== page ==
Low-income women's right to access abortion coverage in Washington State was solidified in 1991, the year voters here narrowly approved an initiative that affirmed the use of state Medicaid dollars to pay for abortions and guaranteed women's access to abortion even if Roe v. Wade was overturned. Since then, the state has maintained its reputation as a deep-blue, pro-choice haven.
None of which has stopped Republicans from conservative areas of the state from making it a point, year after year, to target reproductive rights. During last year's legislative session, they blocked efforts to expand insurance coverage of abortion and birth control while introducing bills requiring parental notification for minors receiving abortions (the parental-notification effort failed to gain traction in either chamber). And they've become only more "emboldened" by recent attacks on Planned Parenthood, says Jennifer Allen, a lobbyist for Planned Parenthood Votes Northwest and Hawaii.
"There is a national coordinated strategy that is seeking, bit-by-bit and sometimes in big chunks, to take away reproductive health care access," Allen says, "and nobody should anticipate that that campaign is going to go away anytime soon."
The 23 Republicans who've now signed on to the bill restricting funding in Washington include some of the legislature's most notorious members, including Spokane Valley militia supporter Matt Shea and Snoqualmie's Jay "Islam is incompatible with Western civilization!" Rodne. Earlier this month, I reached out to all 20 of the original sponsors of the bill and received no response. Through a spokesperson, lead sponsor Representative David Taylor, who's from Moxee, just east of Yakima, declined to comment.
Chung, from Legal Voice, describes recent efforts to limit abortions in Washington and elsewhere as "death by a thousand cuts." Going after funding for abortion care—whether through public programs like Medicaid or private insurance plans—is "one of the thousand cuts that has been very effective."
According to the Guttmacher Institute, a pro-choice research and policy organization, lawmakers considered 396 measures limiting access to abortion in 46 states in 2015 and, by the end of the year, 17 states had enacted 57 new abortion restrictions. Among them, five states passed laws attempting to stop Planned Parenthood from receiving Medicaid dollars (some of those laws ended up blocked by court challenges). Two of those states, plus five more, prohibit abortion providers from receiving state family planning funds.
"It's always tricky messaging about public funding for anything," says Rachel Berkson, executive director of NARAL Pro-Choice Washington. But in the recent national environment—in which Republican presidential candidates have continued to falsely claim that Planned Parenthood harvests "baby parts"—"There's definitely a tie-in there," Berkson says. "They're seeing that moment right now."
Charmaine Yoest, president of the national group Americans United for Life, which crafts anti-abortion model legislation for state legislatures, told the National Catholic Register earlier this month that "people expect there to be a response from their elected representatives" to the heavily doctored Planned Parenthood videos, and that "momentum is on the side of life." (I made multiple requests for interviews with the AUL for this story, but the organization did not make anyone available for an interview by press time.)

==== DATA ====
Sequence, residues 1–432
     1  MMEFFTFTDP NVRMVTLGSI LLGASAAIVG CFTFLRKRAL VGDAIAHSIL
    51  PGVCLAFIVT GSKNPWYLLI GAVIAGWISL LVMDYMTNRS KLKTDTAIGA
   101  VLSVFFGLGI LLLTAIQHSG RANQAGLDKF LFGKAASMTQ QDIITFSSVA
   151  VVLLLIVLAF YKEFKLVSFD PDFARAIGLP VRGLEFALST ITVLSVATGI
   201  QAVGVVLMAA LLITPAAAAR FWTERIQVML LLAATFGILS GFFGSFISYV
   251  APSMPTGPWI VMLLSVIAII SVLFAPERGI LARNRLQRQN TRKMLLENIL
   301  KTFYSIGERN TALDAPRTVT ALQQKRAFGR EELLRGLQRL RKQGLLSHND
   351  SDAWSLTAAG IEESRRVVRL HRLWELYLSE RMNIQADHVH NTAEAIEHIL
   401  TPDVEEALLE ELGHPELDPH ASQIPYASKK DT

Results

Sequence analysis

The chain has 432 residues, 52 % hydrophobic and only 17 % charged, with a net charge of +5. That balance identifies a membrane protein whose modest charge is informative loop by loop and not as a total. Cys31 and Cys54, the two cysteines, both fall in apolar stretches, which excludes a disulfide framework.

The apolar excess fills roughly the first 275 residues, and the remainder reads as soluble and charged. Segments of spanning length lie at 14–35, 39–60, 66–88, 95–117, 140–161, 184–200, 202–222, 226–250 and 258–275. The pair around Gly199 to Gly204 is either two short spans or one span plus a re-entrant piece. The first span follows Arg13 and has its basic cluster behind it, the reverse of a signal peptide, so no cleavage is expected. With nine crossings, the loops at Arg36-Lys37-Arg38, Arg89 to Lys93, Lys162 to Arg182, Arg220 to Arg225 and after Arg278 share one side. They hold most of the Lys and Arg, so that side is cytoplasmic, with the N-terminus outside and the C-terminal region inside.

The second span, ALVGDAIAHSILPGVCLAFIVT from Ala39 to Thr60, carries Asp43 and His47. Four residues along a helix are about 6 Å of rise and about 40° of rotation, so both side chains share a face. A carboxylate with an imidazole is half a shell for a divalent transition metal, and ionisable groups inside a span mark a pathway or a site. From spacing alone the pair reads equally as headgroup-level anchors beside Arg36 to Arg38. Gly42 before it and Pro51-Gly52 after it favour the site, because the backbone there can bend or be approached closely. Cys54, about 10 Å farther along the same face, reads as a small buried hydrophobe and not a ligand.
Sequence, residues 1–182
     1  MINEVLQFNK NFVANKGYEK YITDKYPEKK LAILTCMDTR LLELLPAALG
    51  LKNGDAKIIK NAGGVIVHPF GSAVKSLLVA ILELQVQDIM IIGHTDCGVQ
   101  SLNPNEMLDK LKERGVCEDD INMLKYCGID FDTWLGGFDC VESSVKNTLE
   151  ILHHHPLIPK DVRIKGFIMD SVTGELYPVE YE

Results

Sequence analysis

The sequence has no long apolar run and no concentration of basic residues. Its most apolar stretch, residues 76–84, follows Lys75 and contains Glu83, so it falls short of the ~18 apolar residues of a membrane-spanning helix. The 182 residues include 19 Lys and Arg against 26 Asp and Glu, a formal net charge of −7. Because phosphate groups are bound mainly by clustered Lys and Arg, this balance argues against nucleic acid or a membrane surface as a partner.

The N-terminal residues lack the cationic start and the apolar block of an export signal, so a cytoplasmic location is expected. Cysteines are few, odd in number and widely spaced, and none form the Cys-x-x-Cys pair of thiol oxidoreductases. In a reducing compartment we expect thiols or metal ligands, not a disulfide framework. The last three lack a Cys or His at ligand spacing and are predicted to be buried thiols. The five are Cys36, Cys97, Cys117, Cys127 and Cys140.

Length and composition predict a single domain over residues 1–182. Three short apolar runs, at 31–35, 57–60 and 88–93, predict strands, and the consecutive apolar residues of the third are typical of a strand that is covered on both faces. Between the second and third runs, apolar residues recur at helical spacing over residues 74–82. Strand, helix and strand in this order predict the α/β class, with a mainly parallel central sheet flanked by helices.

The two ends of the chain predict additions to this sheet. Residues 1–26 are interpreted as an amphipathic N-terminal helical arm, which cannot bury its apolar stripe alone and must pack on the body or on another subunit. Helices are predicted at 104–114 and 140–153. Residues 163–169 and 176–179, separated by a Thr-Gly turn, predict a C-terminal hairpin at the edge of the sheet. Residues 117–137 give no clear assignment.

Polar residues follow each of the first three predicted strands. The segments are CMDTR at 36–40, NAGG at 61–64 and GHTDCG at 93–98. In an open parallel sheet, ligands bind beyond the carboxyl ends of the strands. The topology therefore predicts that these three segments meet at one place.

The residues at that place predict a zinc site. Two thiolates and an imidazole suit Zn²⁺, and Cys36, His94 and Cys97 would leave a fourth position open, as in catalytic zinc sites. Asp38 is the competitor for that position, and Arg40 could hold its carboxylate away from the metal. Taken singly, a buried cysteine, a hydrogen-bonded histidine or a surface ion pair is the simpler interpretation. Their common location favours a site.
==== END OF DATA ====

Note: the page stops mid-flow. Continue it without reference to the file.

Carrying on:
Pro-choice advocates are staring down an uncertain legislative session this year. They're pushing for better access to birth control, which could help reduce unintended pregnancies. A bill requiring insurance companies to cover a year's worth of contraception at a time is supported by both NARAL and Planned Parenthood, and has some early bipartisan support in both houses. Yet advocates are still beating back efforts on defunding and parental notification. Meanwhile, pro-choice Democrats are losing their grip on the state legislature and voters are increasingly checked out. Last time members of the legislature were up for election, in 2014, voter turnout was just 54 percent. This past fall—during a special election in which house Democrats suffered their latest loss, by way of a house seat in Federal Way's 30th Legislative District—just 38 percent of registered voters turned in their ballots.
Again: The state senate is controlled by Republicans (and the one Democrat who joins them in the Majority Coalition Caucus). Democrats maintain control of the house, but only by a two-vote margin. And if you think we'll always have a Democratic governor to use the veto pen to protect reproductive rights, think again. Democratic governor Jay Inslee is up for reelection this year, too. A recent Elway poll—with about a third of likely voters still undecided—found that Inslee led Republican challenger Bill Bryant by just 9 percentage points and led a "generic Republican" by just 5 points.
The fact that 2016 is a presidential election year should help, by boosting turnout among left-leaning voters. But don't take that for granted, and don't forget: legislative seats are up every two years. If progressive voters show up only when the presidency is on the line, these same anti-choice Republicans whose efforts are being blocked today will end up in tomorrow's majority.
What can you do? Step one: Register to vote (myvote.wa.gov). Step two: Call and e-mail these anti-choice lawmakers and tell them you're watching and will work to defeat them. Step three: Work to defeat them.